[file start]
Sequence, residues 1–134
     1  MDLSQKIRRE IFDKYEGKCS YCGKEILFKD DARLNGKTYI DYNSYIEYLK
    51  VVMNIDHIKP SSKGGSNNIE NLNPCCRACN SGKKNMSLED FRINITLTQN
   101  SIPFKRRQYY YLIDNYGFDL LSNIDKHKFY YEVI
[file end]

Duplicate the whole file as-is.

Sequence, residues 1–134
     1  MDLSQKIRRE IFDKYEGKCS YCGKEILFKD DARLNGKTYI DYNSYIEYLK
    51  VVMNIDHIKP SSKGGSNNIE NLNPCCRACN SGKKNMSLED FRINITLTQN
   101  SIPFKRRQYY YLIDNYGFDL LSNIDKHKFY YEVI